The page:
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Friday Flash Fiction: The Cold Glass

Ok, here’s this week’s offering. Feedback- as ever – appreciated.

The Cold Glass
By Neil Beynon

It started on a Thursday. It was a strange feeling in Nick’s chest that grew steadily throughout the day and continued through Friday. He felt, alternatively, like a large weight had been rested across his torso and then, at other moments, like his torso was entirely hollow, as if his insides had been extracted with a giant syringe.

It was unsettling.

On Saturday matters came to a head and he could no longer hide it from his girlfriend. That morning a shriek rudely woke Nick from his slumber. Startled he saw Susan, his girlfriend, back pressed against the wall clutching a sheet to her front, masking her curves as best she could.

“Susan, what the he..?” Nick began; his throat raw and parched. He tailed off as he followed he horrified gaze back to the bed, there was another figure laid out on the bed next to him. Nick slid from the bed as if ejected by a giant spring. Susan made strange noise in the back of her throat, here eyes darting from the figure in the bed to Nick.

The movement woke the sleeping man and blearily he lifted his head to look at what the disturbance was. Susan slid down the wall in a slow faint, her head making a dull thud as it struck the bare polished floorboards. Nick gazed at the face, both familiar and strange for he had never seen it from this angle.

It was Nick’s own.

Identical expressions of shock did battle with each other for an independent face. In the end it was the Nick who stood that spoke first, his voice cracked and breaking like their sense of reality.

“Who…what…are you?” he whispered.

“I’m Nick. Who are you?” replied bed Nick, his voice equally uncertain.

“You can’t be,” replied standing Nick. “I’m Nick.”

“Bullshit,” said bed Nick. He was angry now, sitting up and raising his finger to standing Nick. Standing Nick stared at his own birthmark on the man’s forearm, ran his hand down his forearm to where his birthmark sat, it was still there.

“Tell me something only I’d know,” answered standing Nick.

Bed Nick blinked. He too had spotted the birthmark. He paused before he answered, uncertain if he were doing the right thing. When he spoke his words were measured.

“When I was a boy I once saw someone killed,” said bed Nick. “We were in Africa, in a convoy, I was supposed to be asleep but I wasn’t, I was looking out of the window from under the blanket…”

“…And you saw the guard at the checkpoint kill the driver in front he…”

“…cut the driver’s throat.”

They finished the end in unison, each staring at the other in shock.

“God,” they both whispered.

Both Nick’s carried the unconscious Susan to the bed; they placed her carefully under the duvet and made their way down the stairs to talk. Upstairs Susan slept fitfully, lost in dreams in which an army of Nick marched through the town taking whatever they wanted.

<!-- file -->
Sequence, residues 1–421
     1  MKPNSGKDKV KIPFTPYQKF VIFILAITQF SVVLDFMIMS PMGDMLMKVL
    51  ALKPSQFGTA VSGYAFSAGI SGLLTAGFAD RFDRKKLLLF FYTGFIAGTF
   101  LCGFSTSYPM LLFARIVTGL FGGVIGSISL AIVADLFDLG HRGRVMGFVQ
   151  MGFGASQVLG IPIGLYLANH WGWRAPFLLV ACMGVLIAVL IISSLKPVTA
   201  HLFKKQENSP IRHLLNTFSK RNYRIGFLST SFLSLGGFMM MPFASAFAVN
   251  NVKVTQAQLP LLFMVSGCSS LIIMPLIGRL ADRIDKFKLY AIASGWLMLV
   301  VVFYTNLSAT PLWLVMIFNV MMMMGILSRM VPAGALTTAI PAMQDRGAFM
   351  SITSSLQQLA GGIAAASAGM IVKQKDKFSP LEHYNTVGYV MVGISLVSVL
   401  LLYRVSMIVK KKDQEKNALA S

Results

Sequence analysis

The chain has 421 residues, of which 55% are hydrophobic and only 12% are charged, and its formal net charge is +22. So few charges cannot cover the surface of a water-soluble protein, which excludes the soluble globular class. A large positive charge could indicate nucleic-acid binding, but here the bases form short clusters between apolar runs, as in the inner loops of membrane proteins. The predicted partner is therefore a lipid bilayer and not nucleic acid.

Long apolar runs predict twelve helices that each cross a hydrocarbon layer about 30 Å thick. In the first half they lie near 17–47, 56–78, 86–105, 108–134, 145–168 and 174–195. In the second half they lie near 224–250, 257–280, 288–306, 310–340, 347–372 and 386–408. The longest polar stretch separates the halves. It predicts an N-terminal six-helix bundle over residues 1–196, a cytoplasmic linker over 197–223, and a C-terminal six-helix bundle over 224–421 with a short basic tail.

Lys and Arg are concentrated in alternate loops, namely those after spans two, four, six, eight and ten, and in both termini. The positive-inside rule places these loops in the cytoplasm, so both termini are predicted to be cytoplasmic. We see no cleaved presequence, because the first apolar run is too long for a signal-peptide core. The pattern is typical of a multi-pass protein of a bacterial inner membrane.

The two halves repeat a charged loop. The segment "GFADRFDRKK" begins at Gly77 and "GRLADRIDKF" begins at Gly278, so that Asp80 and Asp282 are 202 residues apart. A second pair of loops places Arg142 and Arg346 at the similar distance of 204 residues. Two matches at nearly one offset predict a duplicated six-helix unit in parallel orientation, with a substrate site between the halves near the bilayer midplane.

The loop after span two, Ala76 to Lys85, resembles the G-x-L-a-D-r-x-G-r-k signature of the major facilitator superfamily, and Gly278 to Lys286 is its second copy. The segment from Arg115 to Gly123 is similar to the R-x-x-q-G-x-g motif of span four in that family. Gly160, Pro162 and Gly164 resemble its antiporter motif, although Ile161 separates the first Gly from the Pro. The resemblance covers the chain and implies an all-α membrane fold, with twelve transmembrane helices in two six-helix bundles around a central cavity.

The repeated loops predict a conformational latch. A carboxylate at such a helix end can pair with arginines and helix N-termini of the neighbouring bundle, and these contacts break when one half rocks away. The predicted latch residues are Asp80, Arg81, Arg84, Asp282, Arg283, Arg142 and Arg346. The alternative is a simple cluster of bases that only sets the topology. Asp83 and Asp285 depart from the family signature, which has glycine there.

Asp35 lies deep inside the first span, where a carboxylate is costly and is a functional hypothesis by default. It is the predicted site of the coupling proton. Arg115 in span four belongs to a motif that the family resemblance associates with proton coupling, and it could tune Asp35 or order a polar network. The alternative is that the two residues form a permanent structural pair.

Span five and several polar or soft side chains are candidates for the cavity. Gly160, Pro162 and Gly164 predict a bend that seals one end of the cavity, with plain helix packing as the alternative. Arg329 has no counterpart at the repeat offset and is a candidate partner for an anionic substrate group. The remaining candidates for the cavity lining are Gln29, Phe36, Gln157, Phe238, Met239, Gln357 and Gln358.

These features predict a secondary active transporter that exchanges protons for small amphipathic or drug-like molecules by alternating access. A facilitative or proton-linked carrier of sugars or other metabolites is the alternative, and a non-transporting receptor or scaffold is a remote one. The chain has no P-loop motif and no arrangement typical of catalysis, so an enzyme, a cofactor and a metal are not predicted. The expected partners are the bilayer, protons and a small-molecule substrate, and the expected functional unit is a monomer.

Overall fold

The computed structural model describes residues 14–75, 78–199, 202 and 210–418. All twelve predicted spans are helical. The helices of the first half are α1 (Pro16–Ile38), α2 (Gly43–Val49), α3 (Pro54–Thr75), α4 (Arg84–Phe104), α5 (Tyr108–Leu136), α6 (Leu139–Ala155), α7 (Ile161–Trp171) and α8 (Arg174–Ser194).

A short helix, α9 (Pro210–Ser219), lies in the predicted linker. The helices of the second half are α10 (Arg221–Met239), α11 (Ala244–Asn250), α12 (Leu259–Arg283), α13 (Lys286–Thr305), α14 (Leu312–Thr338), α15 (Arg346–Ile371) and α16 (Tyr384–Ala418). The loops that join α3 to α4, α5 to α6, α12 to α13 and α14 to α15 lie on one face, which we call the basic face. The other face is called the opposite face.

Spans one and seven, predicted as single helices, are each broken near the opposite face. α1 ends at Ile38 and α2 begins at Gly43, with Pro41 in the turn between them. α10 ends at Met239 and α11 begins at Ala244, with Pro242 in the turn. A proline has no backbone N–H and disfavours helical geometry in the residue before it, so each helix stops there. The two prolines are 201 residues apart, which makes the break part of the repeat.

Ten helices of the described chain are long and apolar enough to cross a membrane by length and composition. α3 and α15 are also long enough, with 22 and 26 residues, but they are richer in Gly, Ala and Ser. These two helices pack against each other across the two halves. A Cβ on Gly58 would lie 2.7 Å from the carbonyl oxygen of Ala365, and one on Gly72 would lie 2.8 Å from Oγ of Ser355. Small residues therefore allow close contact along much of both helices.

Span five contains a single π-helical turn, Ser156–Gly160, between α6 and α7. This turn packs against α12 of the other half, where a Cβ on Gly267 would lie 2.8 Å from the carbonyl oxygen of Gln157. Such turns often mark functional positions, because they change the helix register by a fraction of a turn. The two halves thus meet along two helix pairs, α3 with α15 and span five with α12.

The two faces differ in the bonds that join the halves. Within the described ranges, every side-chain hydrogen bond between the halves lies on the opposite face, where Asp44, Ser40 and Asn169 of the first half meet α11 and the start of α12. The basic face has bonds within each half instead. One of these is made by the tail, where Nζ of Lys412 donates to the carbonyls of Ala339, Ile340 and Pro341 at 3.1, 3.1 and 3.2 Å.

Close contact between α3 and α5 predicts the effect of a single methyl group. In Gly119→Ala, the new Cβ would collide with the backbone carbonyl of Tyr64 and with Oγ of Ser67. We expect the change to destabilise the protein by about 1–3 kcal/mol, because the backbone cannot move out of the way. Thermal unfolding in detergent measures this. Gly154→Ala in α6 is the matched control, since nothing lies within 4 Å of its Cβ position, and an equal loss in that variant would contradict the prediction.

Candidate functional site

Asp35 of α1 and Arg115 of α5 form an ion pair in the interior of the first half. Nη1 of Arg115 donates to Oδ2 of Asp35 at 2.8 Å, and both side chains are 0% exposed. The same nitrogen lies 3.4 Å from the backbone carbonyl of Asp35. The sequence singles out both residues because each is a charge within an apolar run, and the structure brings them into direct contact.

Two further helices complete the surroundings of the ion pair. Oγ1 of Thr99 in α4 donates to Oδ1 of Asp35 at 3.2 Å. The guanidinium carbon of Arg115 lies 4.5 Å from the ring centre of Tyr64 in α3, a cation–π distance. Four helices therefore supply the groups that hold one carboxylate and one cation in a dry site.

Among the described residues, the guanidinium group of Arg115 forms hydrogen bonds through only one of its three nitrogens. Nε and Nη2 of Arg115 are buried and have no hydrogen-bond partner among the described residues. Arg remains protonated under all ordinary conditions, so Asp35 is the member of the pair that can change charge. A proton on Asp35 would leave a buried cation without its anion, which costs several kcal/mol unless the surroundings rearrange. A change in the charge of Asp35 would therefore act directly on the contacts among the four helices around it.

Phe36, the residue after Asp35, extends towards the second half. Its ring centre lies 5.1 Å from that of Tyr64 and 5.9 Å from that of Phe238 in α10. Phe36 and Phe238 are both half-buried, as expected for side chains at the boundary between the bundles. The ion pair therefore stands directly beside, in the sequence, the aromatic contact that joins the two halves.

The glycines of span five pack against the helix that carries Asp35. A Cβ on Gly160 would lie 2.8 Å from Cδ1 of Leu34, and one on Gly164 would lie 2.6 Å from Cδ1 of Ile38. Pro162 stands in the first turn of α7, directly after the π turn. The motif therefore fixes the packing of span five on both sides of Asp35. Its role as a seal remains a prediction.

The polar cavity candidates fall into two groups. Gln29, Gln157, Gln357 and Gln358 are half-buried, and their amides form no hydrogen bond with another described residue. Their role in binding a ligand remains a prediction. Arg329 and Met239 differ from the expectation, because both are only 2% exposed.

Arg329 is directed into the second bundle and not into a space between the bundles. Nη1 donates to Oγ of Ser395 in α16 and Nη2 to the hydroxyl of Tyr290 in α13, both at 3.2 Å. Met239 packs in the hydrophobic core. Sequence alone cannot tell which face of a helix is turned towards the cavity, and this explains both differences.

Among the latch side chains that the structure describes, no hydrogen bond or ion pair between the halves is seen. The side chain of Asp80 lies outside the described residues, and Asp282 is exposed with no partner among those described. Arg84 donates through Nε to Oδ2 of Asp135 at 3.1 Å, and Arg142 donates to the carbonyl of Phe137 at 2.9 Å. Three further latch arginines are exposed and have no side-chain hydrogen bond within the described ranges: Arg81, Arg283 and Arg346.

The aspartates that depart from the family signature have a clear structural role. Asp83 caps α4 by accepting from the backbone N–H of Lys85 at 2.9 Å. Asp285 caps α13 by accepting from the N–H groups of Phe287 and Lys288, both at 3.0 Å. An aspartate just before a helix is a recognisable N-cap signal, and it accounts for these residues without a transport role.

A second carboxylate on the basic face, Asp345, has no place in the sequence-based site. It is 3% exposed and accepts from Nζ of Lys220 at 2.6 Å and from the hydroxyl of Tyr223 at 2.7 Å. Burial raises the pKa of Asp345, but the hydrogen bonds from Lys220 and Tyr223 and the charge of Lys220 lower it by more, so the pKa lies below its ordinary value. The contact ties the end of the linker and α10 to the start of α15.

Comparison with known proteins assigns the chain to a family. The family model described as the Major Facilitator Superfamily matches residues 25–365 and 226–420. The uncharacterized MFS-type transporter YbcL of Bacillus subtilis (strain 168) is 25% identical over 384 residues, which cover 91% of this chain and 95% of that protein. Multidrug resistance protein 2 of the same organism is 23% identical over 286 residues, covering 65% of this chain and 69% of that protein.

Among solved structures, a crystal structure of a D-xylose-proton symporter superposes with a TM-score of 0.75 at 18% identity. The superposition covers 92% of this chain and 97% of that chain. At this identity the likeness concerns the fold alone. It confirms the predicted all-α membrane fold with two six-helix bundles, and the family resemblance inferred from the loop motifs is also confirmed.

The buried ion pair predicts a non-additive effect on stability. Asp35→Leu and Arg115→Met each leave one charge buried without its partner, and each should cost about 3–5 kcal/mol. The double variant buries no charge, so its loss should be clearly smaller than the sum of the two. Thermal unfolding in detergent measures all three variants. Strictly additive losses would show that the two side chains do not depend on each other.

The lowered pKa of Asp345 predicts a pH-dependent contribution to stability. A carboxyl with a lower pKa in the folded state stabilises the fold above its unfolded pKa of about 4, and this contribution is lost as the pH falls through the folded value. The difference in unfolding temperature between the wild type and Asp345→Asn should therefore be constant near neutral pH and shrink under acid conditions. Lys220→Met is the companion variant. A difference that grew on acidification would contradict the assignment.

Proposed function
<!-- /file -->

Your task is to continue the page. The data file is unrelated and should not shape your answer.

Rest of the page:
Bed Nick lit a cigarette before standing Nick had a chance. The smell reminded standing Nick of his parched throat and he poured himself a glass of water instead, refusing the lighter as it was offered. They sat either side of the kitchen table, as if playing chess, each one daring the other to speak, to ask the question.

“How did it happen?” asked bed Nick eventually.

“I don’t know,” standing Nick answered. “I felt weird the last couple of days.”

“Me too,” said bed Nick.

“Which one of us is the real Nick?” asked standing Nick.

Bed Nick paused, drawing deeply on his cigarette. “Maybe we both are.”

“That’s not possible,” said standing Nick. “It can’t be.”

“Well I remember everything you do, feel the same as you do,” said bed Nick. “Doesn’t that make us the same person?”

“Not sure,” said standing Nick. “Although I remember reading something by some philosopher that said it would.”

“It was a physicist,” said bed Nick. “I remember that. Do you think one of us is from another universe then?”

“It would explain this…here right now…but not the feeling from the last few days…it’s like you came from inside…whilst I was asleep.”

“Or vice versa.”

Standing Nick stared at his counterpart, lounging in the chair, cigarette in hand. His mind raced over the morning’s events, reaching conclusions, tickling possibilities and giving birth to hypotheses. Susan was an ever present whisper in the back of standing Nick’s mind.

“You know this could be a good thing…” began standing Nick.

“…we could use this to our advantage,” continued bed Nick. “Think of the possibilities…work…crime…”

Standing Nick looked at bed Nick as he spoke. The way bed Nick’s eyes wandered round the kitchen, the twitching of his cigarette, the stubble on his jaw, the slight but ever present belly and the unspoken Susan on his lips. Standing Nick knew exactly what he was thinking of, exactly what possibilities he intended to start with and more, much more than he ever wanted to know.

Nick turned his back on his counterpart. Gazed out at the garden beyond the window, it was a wild and overgrown place that he’d let get out of hand. He really ought to sort it out. Idly his hand wrapped around a dirty knife on the draining board in front of him. Glancing down, even through the smeared grime, he could see his own reflection.

He didn’t like it.

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